Former Wanganui man Hayden Montgomerie is hoping the city will fight to keep its air connection with Wellington.
The frequent flyer between the two cities is hoping Wanganui District Council will mount a campaign to keep the link going.
But Wanganui councillor Rob Vinsen says it's probably a lost cause because it's just not profitable, and Whanganui MP Chester Borrows says losing it is a consequence of living in the provinces.
Wanganui Mayor Annette Main said Air New Zealand had undertaken to meet with Wanganui business and tourism interests to talk about future services.
The operator, Air New Zealand (Air NZ), has said the Wellington flights will stop from December because they have been making a loss for some time. It would not say how big that loss is.
But Mr Borrows has been told the flights wouldn't break even if they were 100 per cent full. He said it was difficult to make a profit on flights in small planes, and Air NZ usually subsidised them with other more profitable flights.
He didn't know why the company was no longer willing to subsidise the Wellington-Wanganui flights.
The airline flies people from Wanganui to Wellington Monday to Friday at 7.05am, and returns them to Wanganui about 7.30pm.
On Monday, Wednesday and Thursday the plane flies Taupo-Wanganui-Wellington.
The company says a 29 per cent increase in landing charges at Wellington Airport is one of the increasing costs that stop it being viable.
However, landing charges at Wanganui Airport are not part of the problem, Cr Vinsen said. They are less than $70 a time, and have remained stable since 1988.
Wanganui Airport staff haven't been told the flights will stop, one of them said.
When they do, it will mean Air NZ will fly north only to Auckland from Wanganui Airport.
The staff member said 68 per cent of seats on Wellington flights were filled, and he had the impression the flights were breaking even. Cr Vinsen said 71 per cent of seats were filled a year ago. Mr Borrows gave a 75 per cent figure.
Both said Wanganui-Auckland flights were at least doing well.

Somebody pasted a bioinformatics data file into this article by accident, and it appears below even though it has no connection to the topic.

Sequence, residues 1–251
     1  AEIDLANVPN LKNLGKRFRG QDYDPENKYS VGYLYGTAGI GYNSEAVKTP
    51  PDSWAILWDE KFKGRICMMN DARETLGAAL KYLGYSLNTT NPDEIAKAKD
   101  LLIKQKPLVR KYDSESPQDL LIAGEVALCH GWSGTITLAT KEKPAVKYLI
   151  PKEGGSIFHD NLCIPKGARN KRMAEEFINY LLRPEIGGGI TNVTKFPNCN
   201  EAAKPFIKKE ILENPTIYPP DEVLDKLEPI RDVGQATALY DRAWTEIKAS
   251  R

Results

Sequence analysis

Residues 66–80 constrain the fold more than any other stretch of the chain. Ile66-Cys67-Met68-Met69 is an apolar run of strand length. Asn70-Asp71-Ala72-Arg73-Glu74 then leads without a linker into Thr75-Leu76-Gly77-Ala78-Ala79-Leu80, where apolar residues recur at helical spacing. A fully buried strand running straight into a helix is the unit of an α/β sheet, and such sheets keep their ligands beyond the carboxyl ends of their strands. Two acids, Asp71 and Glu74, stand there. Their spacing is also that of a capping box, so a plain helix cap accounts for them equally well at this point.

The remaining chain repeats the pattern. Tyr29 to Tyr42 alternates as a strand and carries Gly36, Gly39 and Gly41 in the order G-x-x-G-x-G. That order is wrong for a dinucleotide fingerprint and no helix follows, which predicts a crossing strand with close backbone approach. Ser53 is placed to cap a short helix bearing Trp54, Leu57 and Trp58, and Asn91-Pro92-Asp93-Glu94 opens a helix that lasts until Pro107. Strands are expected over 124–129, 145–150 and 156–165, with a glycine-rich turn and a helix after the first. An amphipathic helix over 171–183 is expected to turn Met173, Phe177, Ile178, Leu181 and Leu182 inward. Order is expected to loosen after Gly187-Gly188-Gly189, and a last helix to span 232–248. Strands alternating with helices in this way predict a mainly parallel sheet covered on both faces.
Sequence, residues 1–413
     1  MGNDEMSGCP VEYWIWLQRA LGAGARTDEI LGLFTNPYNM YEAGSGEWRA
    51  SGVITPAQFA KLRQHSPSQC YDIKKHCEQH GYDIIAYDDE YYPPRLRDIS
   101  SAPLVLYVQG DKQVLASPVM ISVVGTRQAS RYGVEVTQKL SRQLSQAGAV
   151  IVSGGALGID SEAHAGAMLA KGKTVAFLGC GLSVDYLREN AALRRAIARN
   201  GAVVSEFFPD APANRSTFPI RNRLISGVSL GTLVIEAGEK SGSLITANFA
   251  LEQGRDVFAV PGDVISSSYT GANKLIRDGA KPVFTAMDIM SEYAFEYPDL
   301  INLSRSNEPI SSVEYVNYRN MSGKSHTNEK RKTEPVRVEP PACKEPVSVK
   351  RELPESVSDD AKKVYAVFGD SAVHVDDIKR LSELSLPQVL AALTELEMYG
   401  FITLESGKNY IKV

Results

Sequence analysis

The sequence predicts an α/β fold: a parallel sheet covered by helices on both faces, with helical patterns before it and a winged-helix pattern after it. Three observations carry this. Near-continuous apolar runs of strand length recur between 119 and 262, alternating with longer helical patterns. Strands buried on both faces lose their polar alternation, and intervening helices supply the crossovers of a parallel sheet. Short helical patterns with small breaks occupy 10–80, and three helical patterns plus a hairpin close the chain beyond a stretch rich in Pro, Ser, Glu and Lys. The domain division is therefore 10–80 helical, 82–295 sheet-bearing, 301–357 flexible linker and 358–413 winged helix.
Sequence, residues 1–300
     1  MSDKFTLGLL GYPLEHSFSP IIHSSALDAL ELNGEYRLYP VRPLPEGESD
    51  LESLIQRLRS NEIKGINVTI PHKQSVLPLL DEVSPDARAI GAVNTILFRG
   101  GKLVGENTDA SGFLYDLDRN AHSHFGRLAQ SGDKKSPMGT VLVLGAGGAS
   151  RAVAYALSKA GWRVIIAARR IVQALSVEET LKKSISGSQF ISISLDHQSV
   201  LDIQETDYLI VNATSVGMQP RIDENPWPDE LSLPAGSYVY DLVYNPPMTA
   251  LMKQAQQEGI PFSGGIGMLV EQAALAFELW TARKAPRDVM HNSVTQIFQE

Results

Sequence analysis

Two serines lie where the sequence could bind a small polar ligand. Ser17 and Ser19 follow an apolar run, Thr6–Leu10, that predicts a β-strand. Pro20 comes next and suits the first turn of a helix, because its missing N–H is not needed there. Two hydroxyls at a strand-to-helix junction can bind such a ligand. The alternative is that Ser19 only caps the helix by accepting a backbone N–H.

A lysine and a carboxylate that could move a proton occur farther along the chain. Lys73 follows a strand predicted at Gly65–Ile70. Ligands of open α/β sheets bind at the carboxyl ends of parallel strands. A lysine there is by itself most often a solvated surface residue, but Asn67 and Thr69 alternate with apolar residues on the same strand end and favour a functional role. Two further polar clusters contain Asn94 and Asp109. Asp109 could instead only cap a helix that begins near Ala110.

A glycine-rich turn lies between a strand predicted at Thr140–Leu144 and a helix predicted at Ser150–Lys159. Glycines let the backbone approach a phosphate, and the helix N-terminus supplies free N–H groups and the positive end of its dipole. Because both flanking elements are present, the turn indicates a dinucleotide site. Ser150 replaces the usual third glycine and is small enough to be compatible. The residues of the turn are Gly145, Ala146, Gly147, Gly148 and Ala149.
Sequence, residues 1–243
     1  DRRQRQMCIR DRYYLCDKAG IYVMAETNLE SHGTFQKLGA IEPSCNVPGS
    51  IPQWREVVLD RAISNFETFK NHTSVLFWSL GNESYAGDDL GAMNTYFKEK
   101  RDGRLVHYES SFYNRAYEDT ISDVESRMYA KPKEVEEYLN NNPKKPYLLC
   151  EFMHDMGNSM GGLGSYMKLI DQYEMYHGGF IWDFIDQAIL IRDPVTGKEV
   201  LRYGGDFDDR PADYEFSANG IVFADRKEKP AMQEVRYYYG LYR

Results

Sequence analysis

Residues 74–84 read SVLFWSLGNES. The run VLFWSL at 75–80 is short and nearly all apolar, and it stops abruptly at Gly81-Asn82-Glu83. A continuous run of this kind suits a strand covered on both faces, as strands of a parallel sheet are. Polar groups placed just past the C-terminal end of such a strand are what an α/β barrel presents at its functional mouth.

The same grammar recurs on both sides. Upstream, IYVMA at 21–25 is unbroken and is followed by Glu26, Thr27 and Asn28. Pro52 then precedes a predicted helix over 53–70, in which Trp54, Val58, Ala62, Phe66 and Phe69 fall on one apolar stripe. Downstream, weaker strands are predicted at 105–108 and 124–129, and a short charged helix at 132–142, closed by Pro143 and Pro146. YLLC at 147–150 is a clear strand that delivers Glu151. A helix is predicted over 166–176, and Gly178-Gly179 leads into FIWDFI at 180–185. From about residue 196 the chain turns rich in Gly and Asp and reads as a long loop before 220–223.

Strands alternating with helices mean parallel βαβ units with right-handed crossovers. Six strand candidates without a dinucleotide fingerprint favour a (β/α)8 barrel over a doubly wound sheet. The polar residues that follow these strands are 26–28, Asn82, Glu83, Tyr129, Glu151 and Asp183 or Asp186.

But Mr Montgomerie, raised in Wanganui and now working in Wellington, is not satisfied with that. He said it took a lot of work to re-establish the air link to Wellington.
"Wanganui should fight a little bit harder to keep it. It will be a massive battle to get it back."
A 33-year-old civil servant, he uses it regularly to come home and see family. Most recently he flew to Wanganui on a Thursday night, spent some time in the city and on Mount Ruapehu. He was able to fly back to Wellington on Tuesday morning, in time to start work.
He said he didn't own a car, and flying saved him time. He probably won't visit Wanganui as often without the air connection.
There were a lot of young people who left Wanganui for opportunities elsewhere, and he wanted it kept for them. He asked whether Wanganui District Council made a point of using the service itself, and whether it would set up a working group to keep the flights going.
"There are lots of people in Wanganui who perhaps could have done more by their actions to keep this up."
Cr Vinsen said Wellington was not a "marketable sector" from Wanganui, even as a link to the South Island, because Palmerston North to Christchurch was cheaper, direct and served by a better schedule.
He had heard changes within the Air NZ fleet may have led to the removal of some flights. Asked about this, Air NZ said the changes were not a factor, and the flights were simply not economic.
Mike O'Malley, director of House of Travel in Wanganui, said the cut to service would not have a significant impact on travellers.
"It really was only a service that suited people who didn't want to drive to Wellington."
He said international flights from Wellington were to and from Australian cities and most flew from Auckland.